Did you know that you should turn off your water before leaving for vacation? If you’ve ever returned to a flooded home, that’s a suggestion you’re unlikely to forget again. Whenever you plan to be away for more than a few days, these seven simple steps can help prevent water damage and might even lower your utility bills.

Vacation Prep Item 1: Shut Off Your Water

If a pipe bursts or leaks while you’re on vacation, the situation could go unnoticed for days or even weeks, causing quite a mess by the time you get home. In addition to water damage, ruined possessions, and possible electrical issues, you might also return to mold and mildew. The best way to prevent such catastrophes is to turn off your main water valve so no water enters your home while you’re gone. As an extra precaution, you can also turn off the valves to every appliance that uses water, like your dishwasher, washing machine, and refrigerator.

Vacation Prep Item 2: Set Your Water Heater to Vacation Mode

Since you won’t need hot water while you’re gone, adjusting the temperature setting on your hot water heater can save money on your utility bills. Many hot water heaters have a “vacation mode” which will automatically lower your water temperature when selected. If yours doesn’t, you can manually lower the temperature to the lowest possible setting or turn the unit off entirely. Just remember that if you’re vacationing any time the temperature could possibly fall below freezing, it’s important to leave the hot water heater on so undrained water doesn’t freeze in your pipes.

Vacation Prep Item 3: Check That Your Appliances Have Drained

Before you leave, do a quick check of the dishwasher and washing machine to make sure they’ve both drained completely after their last use. Any standing water could be quite nasty by the time you return. If there’s any residual moisture inside either appliance, you may want to leave the door open so it can evaporate instead of stagnate.

Vacation Prep Item 4: Test Your Sump Pump

It’s not only water that originates inside your home that can cause damage. If there’s a big storm or significant rainfall when you’re away, you could return to a flooded basement. To prevent this, make sure your sump pump is working properly by pouring water into the sump pit and watching how the pump responds. It’s best to do this a few days before you leave so you have time to call in a professional to repair or replace the pump if you discover a problem.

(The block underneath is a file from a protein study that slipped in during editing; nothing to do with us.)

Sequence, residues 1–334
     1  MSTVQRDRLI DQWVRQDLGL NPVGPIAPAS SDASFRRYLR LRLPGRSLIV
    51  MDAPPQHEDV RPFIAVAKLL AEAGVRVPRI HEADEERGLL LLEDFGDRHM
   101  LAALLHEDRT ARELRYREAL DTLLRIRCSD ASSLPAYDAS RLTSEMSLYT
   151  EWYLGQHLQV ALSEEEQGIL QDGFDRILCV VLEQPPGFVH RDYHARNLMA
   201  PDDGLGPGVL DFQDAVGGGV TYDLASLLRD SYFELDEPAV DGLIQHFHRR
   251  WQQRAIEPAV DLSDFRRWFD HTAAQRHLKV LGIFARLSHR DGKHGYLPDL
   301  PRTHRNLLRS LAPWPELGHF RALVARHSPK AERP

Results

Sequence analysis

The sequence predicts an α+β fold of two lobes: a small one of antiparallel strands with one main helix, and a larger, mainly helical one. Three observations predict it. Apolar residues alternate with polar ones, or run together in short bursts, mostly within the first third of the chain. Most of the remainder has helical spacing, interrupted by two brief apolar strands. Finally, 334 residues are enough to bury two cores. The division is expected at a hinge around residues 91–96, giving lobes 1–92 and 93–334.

Vacation Prep Item 5: Clean Your Gutters

Gutters are another line of defense against extreme rainfall. When working properly, they direct water away from the foundation of your home. But if gutters are clogged or broken, that water may end up in your basement and cause flooding or damage. If you’ve seen water spill over the top of the gutters, that likely means there’s a problem. Even if you think all is well, it’s best to check your gutters before you leave for a trip and clean them if it’s been awhile. Gutters should be cleaned at least once a year, or twice if there’s a lot of trees nearby.

Vacation Prep Item 6: Clean Your Drains

If your garbage disposal is sometimes a little stinky, chances are it’ll smell worse after you’re gone for a week or two. So might other drains in your sinks, showers, and even your toilets. That’s because running water helps to rinse bacteria away. But when you’re not using any water, that bacteria can grow, causing a bad odor. Before you leave, consider cleaning your drains so you don’t return to an unpleasant surprise. There are many drain cleaners available in stores, including nontoxic options, or you can make your own with baking soda and vinegar.

Vacation Prep Item 7: Don’t Turn Off Your Pool

This may seem counterintuitive, but if you have a pool in your backyard you should keep the pump running as usual even when you’re gone. That’s because the pump filters out dirt and bacteria and circulates the water so algae can’t grow. If you turn your pump off, you’ll likely return to a green mess, and any money you saved on electricity will probably need to be spent on extra chemicals to make the water swimmable again. If you typically turn your pump on and off manually, you can purchase an inexpensive timer and set it to run eight to twelve hours per day.

In Summary

The last thing you want to worry about during vacation is a plumbing situation back home! These simple steps can protect against odors, flooding, and water damage so there’s no unpleasant surprises waiting for you when you return. For an added level of assurance on longer trips, ask a friend or family member to stop by a few times while you’re gone to make sure everything is as it should be.

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